‘The national GCSE pass rate has tumbled by the biggest margin since the exam replaced O-levels almost 30 years ago, driven downwards by conflicting government policies and a jump in older students forced to resit core topics.
In what exam boards chiefs described as “a complex national picture”, the headline pass rate fell by 2.1 percentage points to 66.9% attaining C grade or above, and falls in the proportion winning the highest A* and A grades.
In England alone, the proportion getting good grades dipped to 66.6%, led by a 2.4 percentage point drop in the pass rate for boys. Unexpected shifts in the numbers and abilities of candidates caused a dip in results for several major subjects including English and sciences.
But it was the effect of the government’s new policy – imposing retakes on pupils in England who failed to get at least a C in English or maths – that provoked most controversy, with leading educationalists arguing that the results showed that repeated retakes by 17- and 18-year-olds were ineffective.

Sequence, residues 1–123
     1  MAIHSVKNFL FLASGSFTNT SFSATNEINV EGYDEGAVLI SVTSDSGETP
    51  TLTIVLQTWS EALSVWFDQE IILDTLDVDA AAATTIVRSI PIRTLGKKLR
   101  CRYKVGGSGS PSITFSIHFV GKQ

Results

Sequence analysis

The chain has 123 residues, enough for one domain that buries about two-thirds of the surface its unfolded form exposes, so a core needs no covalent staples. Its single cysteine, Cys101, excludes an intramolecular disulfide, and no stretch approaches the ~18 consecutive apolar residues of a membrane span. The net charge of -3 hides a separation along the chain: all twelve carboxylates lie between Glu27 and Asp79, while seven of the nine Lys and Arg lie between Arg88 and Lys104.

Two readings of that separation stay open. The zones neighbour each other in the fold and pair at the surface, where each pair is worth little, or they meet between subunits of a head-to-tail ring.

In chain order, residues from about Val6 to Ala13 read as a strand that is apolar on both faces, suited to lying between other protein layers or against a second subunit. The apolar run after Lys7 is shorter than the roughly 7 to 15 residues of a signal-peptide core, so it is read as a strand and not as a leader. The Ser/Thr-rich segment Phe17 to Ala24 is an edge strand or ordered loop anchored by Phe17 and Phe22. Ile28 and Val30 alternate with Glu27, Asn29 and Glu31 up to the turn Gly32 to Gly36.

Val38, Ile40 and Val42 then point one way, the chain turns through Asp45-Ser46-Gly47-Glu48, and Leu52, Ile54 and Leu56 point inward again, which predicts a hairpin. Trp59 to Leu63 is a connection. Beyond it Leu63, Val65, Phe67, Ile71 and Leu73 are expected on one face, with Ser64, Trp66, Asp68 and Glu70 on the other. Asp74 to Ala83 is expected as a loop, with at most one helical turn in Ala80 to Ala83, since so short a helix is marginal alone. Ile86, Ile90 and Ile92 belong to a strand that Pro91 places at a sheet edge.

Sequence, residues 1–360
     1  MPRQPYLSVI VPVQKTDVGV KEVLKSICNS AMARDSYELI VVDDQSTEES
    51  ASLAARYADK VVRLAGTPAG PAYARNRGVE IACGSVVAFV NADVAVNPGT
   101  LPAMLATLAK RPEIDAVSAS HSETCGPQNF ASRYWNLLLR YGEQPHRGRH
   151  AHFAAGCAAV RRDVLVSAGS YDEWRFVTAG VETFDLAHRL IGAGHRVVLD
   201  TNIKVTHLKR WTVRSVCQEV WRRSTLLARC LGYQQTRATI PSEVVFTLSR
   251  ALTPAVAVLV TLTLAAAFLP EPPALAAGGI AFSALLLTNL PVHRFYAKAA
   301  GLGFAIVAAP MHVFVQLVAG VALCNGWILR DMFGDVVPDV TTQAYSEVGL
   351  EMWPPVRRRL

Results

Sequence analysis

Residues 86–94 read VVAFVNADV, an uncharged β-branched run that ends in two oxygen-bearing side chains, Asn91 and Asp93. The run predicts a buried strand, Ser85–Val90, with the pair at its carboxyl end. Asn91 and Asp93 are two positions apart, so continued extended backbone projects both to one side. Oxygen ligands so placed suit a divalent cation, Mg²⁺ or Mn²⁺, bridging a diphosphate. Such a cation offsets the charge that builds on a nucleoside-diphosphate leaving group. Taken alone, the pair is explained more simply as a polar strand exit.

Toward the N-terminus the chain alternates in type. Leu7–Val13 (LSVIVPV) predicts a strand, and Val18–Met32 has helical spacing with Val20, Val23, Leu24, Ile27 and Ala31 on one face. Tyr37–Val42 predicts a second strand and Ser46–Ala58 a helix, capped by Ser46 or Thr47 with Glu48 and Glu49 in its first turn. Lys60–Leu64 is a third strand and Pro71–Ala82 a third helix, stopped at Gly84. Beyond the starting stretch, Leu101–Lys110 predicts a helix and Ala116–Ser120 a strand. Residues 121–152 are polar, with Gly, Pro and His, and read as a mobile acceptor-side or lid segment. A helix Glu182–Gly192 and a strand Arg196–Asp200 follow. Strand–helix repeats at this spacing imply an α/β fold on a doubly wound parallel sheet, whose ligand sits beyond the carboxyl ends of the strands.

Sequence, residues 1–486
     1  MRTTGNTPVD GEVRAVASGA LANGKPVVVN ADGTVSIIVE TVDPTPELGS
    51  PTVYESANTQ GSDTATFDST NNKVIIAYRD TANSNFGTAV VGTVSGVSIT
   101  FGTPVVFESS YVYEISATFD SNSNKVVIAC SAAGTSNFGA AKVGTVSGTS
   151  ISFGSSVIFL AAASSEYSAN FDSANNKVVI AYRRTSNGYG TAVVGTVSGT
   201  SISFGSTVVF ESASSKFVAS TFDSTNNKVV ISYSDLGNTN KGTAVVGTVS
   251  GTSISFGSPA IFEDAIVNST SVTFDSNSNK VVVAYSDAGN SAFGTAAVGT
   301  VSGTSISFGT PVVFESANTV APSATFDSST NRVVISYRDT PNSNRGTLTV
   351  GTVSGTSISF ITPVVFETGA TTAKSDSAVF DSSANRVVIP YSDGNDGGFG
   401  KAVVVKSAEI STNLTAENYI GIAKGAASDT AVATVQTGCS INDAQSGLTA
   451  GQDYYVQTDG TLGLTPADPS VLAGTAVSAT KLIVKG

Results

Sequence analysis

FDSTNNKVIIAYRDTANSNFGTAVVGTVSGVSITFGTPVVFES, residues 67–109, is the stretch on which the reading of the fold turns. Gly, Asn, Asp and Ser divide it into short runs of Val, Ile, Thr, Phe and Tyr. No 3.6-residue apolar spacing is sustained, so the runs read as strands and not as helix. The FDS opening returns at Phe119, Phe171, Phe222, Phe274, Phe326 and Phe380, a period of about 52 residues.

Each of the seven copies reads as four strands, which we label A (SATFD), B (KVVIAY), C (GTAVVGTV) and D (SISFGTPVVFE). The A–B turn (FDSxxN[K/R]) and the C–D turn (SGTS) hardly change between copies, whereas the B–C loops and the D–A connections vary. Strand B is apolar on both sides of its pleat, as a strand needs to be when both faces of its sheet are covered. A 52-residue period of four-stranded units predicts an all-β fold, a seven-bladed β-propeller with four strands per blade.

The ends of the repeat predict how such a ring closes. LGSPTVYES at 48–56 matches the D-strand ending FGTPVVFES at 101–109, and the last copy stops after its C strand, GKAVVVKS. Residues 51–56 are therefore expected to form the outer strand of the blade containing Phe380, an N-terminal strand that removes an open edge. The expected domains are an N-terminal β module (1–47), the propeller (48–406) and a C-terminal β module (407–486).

The number of those aged 17 and over taking GCSEs in maths has more than doubled in just two years, from 80,000 to more than 160,000, but their success rate has stuttered, with fewer than 30% gaining the coveted C grade.
Mark Dawe, former head of an exam board and chief executive of the Association of Employment and Learning Providers, said: “This is evidence enough that hitting students over the head with the same form of learning and assessment is not the way forward.”’ - Guardian
‘Martin Doel, chief executive of the Association of Colleges, echoed Mr Dawe’s remarks.
He said: “The government must consider creating a qualification that is more fit-for-purpose in developing English and maths skills that complement technical and professional studies, motivate students and meet the needs of employers, a requirement that was recognised in the recent report by Lord Sainsbury [Technical education reform: the case for change].”
Today’s figures show that, while the number of learners aged 17+ taking GCSE English and maths has risen significantly, the proportions achieving at least a grade C in those subject has slumped.’ – FE Week